Arts on Line Update March 30, 2009

128th General Assembly: Both the Ohio House and Senate are scheduled to hold sessions and committee hearings this week.

*The Ohio House approved on March 24, 2009 the budgets for the Bureau of Workers’ Compensation (HB 15 – Sykes) and the Ohio Industrial Commission (HB 16 – Sykes). These budgets are funded through employers’ workers’ compensation premiums rather than the General Revenue Fund, and are considered separately from the state’s operating budget, Sub. HB 1 – Sykes.

*The Conference Committee on the Transportation Budget (HB 2 – Ujvagi) made little progress last week resolving the differences between the House and Senate versions of the bill. The committee is scheduled to meet again on Monday.  The transportation budget is considered separately by the General Assembly, and needs to be signed into law 90 days (by March 31, 2009) before the FY08-09 budget ends on June 30, 2009.

*The Senate Finance and Financial Institutions Committee, chaired by Senator Carey, and the Senate Education Committee, chaired by Senator Cates, released tentative hearing schedules for Sub. HB 1 (Sykes), the FY10-11 budget.  According to this schedule the Senate Finance and Financial Institutions Committee will start hearings on Sub. HB 1 (Sykes) on April 14, 2009, although the House is not expected to vote on Sub. HB 1 until the week of April 20, 2009. The Senate schedule calls for a Senate committee vote on Sub. HB 1 on June 2 or 3, 2009.  The Ohio Department of Education is scheduled to testify before the committee on April 28, 2009.

The Senate Education Committee, chaired by Senator Cates, has scheduled supplemental hearings to consider the education components of Sub. HB 1 (Sykes) starting on Tuesday, April 14, 2009.  This week a representative from Governor Strickland’s office will address the committee about the Governor’s education reform and school funding proposal and the Tax Commissioner, Rich Levin, will present information about the conversion levy proposal.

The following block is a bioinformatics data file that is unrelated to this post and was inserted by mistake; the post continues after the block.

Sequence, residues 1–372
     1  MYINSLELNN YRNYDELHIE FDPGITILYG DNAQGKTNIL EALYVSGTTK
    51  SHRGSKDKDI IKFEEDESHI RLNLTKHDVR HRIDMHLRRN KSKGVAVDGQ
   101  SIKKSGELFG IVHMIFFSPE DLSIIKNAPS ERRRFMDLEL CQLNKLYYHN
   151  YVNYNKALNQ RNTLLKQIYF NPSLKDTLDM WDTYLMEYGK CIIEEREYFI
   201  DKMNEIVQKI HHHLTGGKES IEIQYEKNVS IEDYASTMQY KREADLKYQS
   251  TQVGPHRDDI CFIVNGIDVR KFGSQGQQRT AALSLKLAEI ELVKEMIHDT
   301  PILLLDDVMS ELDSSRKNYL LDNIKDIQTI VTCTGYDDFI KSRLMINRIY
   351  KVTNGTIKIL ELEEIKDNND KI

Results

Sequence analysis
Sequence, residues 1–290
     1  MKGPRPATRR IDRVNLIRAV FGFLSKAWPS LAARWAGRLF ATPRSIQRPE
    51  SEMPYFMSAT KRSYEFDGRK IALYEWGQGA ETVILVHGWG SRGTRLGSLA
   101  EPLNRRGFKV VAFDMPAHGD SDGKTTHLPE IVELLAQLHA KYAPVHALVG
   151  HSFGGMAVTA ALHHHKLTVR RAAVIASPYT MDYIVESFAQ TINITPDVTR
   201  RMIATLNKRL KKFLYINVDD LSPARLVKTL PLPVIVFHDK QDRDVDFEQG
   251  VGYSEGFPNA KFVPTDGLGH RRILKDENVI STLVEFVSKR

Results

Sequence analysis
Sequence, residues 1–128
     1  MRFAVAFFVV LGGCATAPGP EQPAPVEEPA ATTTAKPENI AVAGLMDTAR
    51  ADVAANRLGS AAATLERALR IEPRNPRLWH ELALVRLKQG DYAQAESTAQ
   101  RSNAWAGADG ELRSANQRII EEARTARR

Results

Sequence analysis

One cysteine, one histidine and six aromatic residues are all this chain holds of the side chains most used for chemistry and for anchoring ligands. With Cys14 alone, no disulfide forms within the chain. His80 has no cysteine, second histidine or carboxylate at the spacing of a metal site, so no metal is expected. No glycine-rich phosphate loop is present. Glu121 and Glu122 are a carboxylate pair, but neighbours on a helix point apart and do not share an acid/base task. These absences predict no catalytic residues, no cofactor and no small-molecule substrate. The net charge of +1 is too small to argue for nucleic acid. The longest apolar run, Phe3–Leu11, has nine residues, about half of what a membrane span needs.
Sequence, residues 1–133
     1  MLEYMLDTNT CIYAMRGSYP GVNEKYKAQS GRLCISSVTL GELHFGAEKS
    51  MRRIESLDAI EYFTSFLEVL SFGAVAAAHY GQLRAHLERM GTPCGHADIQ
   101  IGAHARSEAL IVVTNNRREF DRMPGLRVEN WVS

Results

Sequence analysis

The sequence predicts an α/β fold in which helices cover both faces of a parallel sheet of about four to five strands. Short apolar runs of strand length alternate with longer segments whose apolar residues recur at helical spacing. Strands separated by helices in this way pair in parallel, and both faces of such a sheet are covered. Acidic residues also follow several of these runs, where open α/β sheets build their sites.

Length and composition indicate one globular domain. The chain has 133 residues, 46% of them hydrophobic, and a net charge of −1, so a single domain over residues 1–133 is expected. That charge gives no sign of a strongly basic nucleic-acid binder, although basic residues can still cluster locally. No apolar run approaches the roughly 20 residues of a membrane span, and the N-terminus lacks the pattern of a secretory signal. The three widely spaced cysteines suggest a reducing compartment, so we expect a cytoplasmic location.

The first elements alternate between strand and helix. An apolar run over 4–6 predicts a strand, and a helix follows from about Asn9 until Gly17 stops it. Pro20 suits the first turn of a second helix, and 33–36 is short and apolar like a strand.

This Week at the Statehouse

MONDAY, MARCH 30, 2009
*The HB2 Transportation Budget Conference Committee, chaired by Representative Ujvagi, will meet at 10:00 AM in Hearing Room 313. The conferees will review the House version of HB2, the FY10-11 Transportation Budget (Ujvagi).

TUESDAY, MARCH 31, 2009
*The House Finance and Appropriations Committee, chaired by Representative Sykes (614-466-3100), will meet at 1:30 PM in room 313 to accept public testimony related to human services on Sub. HB1 (Sykes) Biennial Budget.

*The Senate Education Committee, chaired by Senator Cates (614-466-8072), will meet at 2:30 PM in the Senate Finance hearing room, or after session.  A representative from the Governor’s office will present an overview of Governor Strickland’s proposed education reform plan included in Sub. HB 1 (Sykes).